Hate gas prices? Blame Congress.

| June 24, 2008

Energy analysts testified to Congress yesterday that the price of gas could fall to about half of it’s price in about 30 days if Congress could only commit itself to act now;

Testifying to the House Energy and Commerce Committee, Michael Masters of Masters Capital Management said that the price of oil would quickly drop closer to its marginal cost of around $65 to $75 a barrel, about half the current $135.

Fadel Gheit of Oppenheimer & Co., Edward Krapels of Energy Security Analysis and Roger Diwan of PFC Energy Consultants agreed with Masters’ assessment at a hearing on proposed legislation to limit speculation in futures markets.

Krapels said that it wouldn’t even take 30 days to drive prices lower, as fund managers quickly liquidated their positions in futures markets.

“Record oil prices are inflated by speculation and not justified by market fundamentals,” according to Gheit. “Based on supply and demand fundamentals, crude-oil prices should not be above $60 per barrel.”

Of course, that’s the problem – the Democrat Congress won’t act while there’s Republican President. Democrats figure that the more Americans suffer, the better chance they have of winning the election in November. And then, they’ll have another excuse after they win the election to avoid solving our immediate problems, because the American Left isn’t known for their solutions to Americans’ problems.

It would seem news like today’s testimony to Congress would be shouted from roof tops – but there’s not a word. In fact, the price of oil and gas has shot up precisely because everyone in the world knows the US won’t tap it’s own sources. Just having a discussion about drilling last week, loosened up Saudi Arabia’s pumping restrictions this weekend. In fact 76% of Americans say we should drill our own oil – so where is Congress to give Americans what we’ve known we need for decades?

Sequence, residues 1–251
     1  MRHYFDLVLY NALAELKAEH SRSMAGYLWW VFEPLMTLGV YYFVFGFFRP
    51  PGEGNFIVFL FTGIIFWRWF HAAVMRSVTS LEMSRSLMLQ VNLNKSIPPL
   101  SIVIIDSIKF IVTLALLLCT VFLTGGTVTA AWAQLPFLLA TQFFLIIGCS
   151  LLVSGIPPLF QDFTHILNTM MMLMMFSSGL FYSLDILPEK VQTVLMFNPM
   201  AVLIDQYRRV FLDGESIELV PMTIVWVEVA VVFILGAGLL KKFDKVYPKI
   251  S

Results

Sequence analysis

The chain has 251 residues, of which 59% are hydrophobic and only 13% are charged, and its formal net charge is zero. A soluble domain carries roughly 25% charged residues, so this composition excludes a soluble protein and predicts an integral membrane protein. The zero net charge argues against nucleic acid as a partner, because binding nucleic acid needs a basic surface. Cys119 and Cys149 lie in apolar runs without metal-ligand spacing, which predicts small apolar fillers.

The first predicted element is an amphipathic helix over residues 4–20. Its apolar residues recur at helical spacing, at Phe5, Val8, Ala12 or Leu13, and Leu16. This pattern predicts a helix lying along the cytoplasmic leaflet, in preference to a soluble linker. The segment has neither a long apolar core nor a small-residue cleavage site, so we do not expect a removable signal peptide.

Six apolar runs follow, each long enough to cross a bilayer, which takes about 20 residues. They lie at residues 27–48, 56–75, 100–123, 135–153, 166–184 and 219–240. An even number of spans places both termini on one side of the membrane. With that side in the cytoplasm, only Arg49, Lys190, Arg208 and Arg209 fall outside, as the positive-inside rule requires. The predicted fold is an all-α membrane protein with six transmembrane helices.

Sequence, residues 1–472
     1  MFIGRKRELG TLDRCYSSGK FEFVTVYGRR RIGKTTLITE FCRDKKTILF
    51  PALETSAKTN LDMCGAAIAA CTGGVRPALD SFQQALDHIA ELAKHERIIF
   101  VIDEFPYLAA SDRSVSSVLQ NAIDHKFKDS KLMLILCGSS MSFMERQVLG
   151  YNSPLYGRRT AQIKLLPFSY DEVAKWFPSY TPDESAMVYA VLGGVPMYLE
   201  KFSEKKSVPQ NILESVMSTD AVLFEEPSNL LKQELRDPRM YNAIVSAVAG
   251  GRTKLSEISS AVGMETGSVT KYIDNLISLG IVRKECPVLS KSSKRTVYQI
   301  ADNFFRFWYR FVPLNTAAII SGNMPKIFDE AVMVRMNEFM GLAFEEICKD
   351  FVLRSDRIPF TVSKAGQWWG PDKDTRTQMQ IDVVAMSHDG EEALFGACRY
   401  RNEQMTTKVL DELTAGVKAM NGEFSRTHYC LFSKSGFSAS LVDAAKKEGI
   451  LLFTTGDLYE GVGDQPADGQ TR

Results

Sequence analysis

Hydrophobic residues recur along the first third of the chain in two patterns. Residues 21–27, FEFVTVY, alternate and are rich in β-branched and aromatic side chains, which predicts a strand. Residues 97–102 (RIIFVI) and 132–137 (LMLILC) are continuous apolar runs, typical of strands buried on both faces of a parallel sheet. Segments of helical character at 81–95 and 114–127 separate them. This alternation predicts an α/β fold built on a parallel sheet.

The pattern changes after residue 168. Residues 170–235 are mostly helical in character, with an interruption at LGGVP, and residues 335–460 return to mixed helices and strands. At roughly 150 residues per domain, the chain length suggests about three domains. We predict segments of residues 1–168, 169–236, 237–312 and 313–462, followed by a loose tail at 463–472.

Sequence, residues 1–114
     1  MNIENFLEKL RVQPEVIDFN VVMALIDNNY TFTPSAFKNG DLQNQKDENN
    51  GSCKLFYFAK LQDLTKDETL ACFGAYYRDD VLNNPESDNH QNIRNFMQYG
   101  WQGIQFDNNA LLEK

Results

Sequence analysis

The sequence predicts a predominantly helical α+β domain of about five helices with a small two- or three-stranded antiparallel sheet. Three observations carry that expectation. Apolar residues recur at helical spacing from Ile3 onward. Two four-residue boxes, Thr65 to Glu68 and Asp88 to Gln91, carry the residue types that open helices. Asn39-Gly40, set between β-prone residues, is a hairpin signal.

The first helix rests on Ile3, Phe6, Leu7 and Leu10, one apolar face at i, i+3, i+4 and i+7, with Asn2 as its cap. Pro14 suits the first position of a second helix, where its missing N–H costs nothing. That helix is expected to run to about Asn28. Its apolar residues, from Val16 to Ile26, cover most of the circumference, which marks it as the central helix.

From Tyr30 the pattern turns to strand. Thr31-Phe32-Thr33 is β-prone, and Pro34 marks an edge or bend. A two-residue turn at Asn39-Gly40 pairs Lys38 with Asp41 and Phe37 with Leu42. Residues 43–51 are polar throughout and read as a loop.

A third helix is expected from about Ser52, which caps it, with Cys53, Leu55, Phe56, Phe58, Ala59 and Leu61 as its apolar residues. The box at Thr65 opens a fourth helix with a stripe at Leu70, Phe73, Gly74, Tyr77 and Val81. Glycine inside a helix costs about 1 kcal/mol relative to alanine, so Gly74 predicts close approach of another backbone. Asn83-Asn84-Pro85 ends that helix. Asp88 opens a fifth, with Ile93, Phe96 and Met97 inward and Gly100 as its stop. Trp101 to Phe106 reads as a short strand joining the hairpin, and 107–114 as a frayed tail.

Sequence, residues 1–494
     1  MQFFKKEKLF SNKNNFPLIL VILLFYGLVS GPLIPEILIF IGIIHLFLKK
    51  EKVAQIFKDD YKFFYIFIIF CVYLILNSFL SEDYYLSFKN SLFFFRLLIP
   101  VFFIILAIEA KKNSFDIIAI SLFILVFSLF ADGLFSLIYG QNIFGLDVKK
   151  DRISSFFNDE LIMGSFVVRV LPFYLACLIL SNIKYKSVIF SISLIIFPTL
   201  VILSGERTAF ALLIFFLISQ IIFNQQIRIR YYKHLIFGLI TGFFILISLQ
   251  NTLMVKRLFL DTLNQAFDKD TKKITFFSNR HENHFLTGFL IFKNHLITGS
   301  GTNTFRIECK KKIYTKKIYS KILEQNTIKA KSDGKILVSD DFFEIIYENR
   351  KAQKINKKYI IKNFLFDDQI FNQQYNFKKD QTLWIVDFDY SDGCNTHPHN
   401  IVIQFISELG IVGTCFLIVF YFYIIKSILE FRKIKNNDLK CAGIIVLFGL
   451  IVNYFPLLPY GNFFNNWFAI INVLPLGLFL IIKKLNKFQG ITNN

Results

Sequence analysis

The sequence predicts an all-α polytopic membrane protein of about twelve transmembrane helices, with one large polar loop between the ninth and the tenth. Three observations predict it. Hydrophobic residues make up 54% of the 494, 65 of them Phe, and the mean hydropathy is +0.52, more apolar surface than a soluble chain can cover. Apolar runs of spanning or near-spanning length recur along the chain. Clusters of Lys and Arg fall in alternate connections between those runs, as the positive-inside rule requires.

It’s a cheap political stunt and it’s hurting America. Alaska Governor Sarah Palin, in a letter to Harry Reid urged him to act;

What will it take for Congress to enact comprehensive energy policy that includes increased domestic production of oil and gas, renewable and alternative energy and, and conservation? It seems to us outside of the capitol Beltway that virtually every effort to accomplish this is met with criticism and failure. In my opinion, the debate about energy policy is no longer theoretical and abstract. Our failure to enact an energy policy is having real consequences for every American in their daily lives and has begun to affect America’s place in the world.

In other words, get off your scrawny butt, Harry and do something for the first time in your pathetic life.

Crossposted at Eagles Up Talon.

Category: Economy, Politics

Comments (4)

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  1. The damned liberals have had surgically implanted, the rhetoric that “It would take 10 years for drilling to hit the pumps, and we need alternative sources for energy.” Even if it would take 10 years for it to hit the pumps, how long ago did Silly Billy close ANWR to drilling? How many hears? And on alternative sources- Yes, that is a fact. And here, now, in 2008 we are developing alternatives sources faster than ever in history. We still need American Oil, and the argument of the possibility of damage to shores, wildlife, is an unfounded claim. Our oil companies, as well as the drilling companies are as compassionate about wildlife as any damned uninformed liberal bunny hugger.
    Put that in your smoke and pipe it, libs.
    nuf sed

  2. Rosemary says:

    So true. Great post.

  3. Gramps says:

    Yep. Seems to me it was 12 years ago that BJ Clintoon vetoed the drilling in ANWR because it would take 10 years before we saw any of that oil. That 1 million barrels a day looks pretty good right now.

  4. mtngrandpa says:

    Congress time frames only fit their own election cycles. So, the 10 years is ‘outside’ that time frame, and someone else’s problem.